As Palombo-Price explains, “Sales teams don’t always need the same kind of targeted accuracy in conversations that they want. If their pipeline is full, they are doing a lot of high-level negotiations and have limited need to close big deals in the year. They only want to talk to the buyer who is deep in the market – who is ready to buy something. And so their limits are very different than in the moment where you're trying to expand and grow.”
She adds, “It's all about the right type of leads at the right time and at the right velocity.”
Which leads me to my next point and solution to this challenge – regular check-ins between sales and marketing.
4. Set up regular check-ins between BDR/SDR and marketing teams.
One of the most important roles when it comes to sales and marketing alignment is the BDR (Business Development Representative) or SDR (Sales Development Representative).
BDR/SDRs focus solely on prospecting and qualifying leads, and pushing them further down the sales funnel – which is why they are a vital part of sales and marketing alignment.
Palombo-Price told me she encourages bi-weekly or monthly check-ins between the BDR/SDR and whoever handles lead generation on the marketing side.
As she says, “It's important to go into a room and look at, 'What is driving marketing?'” How does it go through the stages of the funnel? How does it work against lead scoring and that ideal persona from which to make sales? Want to talk?”
She encourages both sales and marketing teams to sit together and constantly monitor how their lead scoring strategy is going in terms of qualifying leads for sales, and how they can continue to refine it.
5. Use those check-ins as an opportunity to educate both parties.
Once you've organized a bi-weekly or monthly check-in between sales and marketing, you'll want to make sure both parties are open-minded and eager to learn from the other. If each team plans to blame the other if there are unqualified leads or things don't translate into a closed deal, these meetings will quickly turn sour.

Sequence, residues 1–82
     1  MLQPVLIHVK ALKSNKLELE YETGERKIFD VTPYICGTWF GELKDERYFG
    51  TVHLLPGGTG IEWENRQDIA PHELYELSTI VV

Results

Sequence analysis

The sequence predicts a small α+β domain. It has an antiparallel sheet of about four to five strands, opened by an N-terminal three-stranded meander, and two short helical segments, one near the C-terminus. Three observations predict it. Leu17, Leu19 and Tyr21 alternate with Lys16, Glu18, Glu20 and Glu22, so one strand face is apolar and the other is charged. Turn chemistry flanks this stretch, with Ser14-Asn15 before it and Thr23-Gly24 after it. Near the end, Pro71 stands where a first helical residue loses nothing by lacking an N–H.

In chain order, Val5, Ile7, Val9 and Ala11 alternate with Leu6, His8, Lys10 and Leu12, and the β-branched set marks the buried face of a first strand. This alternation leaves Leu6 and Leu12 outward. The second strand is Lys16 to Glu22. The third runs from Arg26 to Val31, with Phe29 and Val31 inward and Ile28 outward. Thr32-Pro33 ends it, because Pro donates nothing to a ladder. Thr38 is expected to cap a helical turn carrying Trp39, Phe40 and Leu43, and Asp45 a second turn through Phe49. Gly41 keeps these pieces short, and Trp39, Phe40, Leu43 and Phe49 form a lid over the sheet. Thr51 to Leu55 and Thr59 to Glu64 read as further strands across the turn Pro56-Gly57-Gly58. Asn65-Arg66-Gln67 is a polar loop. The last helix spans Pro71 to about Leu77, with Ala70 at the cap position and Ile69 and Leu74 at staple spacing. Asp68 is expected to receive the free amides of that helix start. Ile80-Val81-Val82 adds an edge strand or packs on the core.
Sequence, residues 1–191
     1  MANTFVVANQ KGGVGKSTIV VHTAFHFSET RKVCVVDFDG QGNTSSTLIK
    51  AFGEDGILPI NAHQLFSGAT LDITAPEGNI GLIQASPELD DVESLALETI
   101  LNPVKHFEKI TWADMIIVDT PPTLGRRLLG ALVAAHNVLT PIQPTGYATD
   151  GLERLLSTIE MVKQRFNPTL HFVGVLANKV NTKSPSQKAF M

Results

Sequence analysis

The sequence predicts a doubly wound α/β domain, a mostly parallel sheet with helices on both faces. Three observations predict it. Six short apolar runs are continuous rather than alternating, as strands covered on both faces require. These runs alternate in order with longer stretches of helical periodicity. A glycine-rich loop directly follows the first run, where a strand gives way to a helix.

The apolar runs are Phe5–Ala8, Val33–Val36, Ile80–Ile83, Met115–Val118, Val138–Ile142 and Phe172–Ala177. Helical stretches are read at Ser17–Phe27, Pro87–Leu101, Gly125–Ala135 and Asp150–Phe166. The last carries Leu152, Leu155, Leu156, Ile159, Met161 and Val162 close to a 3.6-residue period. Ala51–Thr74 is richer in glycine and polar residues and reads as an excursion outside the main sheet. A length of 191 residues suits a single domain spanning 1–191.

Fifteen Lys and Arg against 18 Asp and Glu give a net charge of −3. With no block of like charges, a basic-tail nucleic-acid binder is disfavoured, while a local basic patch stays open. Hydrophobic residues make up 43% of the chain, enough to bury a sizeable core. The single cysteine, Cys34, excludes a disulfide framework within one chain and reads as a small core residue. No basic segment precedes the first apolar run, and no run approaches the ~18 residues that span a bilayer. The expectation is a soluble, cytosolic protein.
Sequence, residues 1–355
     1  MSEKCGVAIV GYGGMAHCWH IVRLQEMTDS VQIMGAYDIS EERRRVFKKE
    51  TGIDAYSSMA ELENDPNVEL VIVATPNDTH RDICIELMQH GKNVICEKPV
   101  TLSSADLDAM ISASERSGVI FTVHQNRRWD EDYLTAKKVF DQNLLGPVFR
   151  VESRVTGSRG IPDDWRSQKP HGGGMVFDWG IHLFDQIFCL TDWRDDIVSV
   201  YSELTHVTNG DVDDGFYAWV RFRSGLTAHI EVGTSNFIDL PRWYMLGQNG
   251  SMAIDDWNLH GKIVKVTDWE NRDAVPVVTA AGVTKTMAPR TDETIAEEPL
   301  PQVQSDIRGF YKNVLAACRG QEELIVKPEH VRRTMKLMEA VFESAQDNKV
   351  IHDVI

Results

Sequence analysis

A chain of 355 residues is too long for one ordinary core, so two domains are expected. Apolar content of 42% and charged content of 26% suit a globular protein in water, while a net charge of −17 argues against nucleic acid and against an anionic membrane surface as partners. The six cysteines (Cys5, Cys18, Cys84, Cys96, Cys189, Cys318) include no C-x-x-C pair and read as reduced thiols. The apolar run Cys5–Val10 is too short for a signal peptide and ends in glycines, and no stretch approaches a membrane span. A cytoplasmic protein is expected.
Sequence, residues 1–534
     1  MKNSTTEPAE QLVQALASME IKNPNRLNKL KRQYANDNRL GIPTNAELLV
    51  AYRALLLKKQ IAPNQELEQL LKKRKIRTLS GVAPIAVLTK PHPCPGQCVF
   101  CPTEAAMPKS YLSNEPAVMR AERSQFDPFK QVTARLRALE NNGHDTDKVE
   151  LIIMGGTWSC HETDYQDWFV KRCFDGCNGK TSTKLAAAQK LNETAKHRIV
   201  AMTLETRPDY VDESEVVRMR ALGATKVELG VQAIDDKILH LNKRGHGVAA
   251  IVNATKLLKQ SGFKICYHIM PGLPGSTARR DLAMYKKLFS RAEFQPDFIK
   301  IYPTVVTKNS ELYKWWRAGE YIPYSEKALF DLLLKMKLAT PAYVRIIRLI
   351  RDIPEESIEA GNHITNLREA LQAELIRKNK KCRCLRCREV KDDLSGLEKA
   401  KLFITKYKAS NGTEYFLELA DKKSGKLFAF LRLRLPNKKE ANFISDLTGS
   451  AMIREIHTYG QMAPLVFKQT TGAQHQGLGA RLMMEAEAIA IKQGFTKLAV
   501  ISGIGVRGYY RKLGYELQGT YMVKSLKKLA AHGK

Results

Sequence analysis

As Palombo-Price says, “Instead of just saying, 'These leads are all garbage,' come to the table and say, 'Hey, we had 15 conversations this week, and six of them were completely off target. ' And then watch it together.
She adds, “Because if you're not educated both ways, marketing can't target better. And sales is assuming that the ideal customer profile (ICP) they are pursuing will always be correct. But we know that group buy-in makes change.”
Ultimately, there should be a joint evaluation in which both teams are willing to examine the aspects of the process that are successful – and the aspects that are not.
6. Leave the tasks at the door.
When I asked Palombo-Price what the number one tip she would give to any business leader in terms of sales and marketing alignment, her advice was simple: Leave the tasks at the door.
“It’s a funnel,” she says. It's not really two teams – it's one team in a business that is trying to sell a product or service. And I think those lines of demarcation make it really challenging to see how early-day brand work impacts close rates for salespeople.
She adds, “The intention is to help some of them get through the lines so that the impact of the work can be seen on both sides. This is our solution. There are a number of ways that you can do this by looking at spreadsheets together in a way that drives that alignment so that you start following those concepts before you even think about how you can take advantage of those functionalities. Will pick up.
7. Track every interaction your customer has with your company.
Nowadays, this is one of the most important strategies that you need to implement. This eliminates friction for the customer, and it also helps your sales reps close more deals.
For example, consider if you're talking to a sales representative for the first time and they already know where you work, how long you've been there, what email newsletters you subscribe to, And how would you feel if you networked with which company? Events you participated in. If you talk to a sales rep who has never heard of you before, you'll be more impressed, right?
It's important that you find a way to keep track of every interaction your customer has with your company – a CRM is incredibly useful for this. You might also want to check out HubSpot's CRM integration with LinkedIn, which enables LinkedIn Sales Navigator to match leads and account data from LinkedIn with Contacts and Companies objects in HubSpot. (This integration is in beta right now, but you can sign up to receive updates on its launch date.)
Ultimately, understanding the entire end-to-end buyer's journey – and which aspects should be owned by marketing, and which by sales – and creating a culture that encourages transparent and clear communication between sales and marketing. is, will be critical to your organization's success in 2024. and beyond.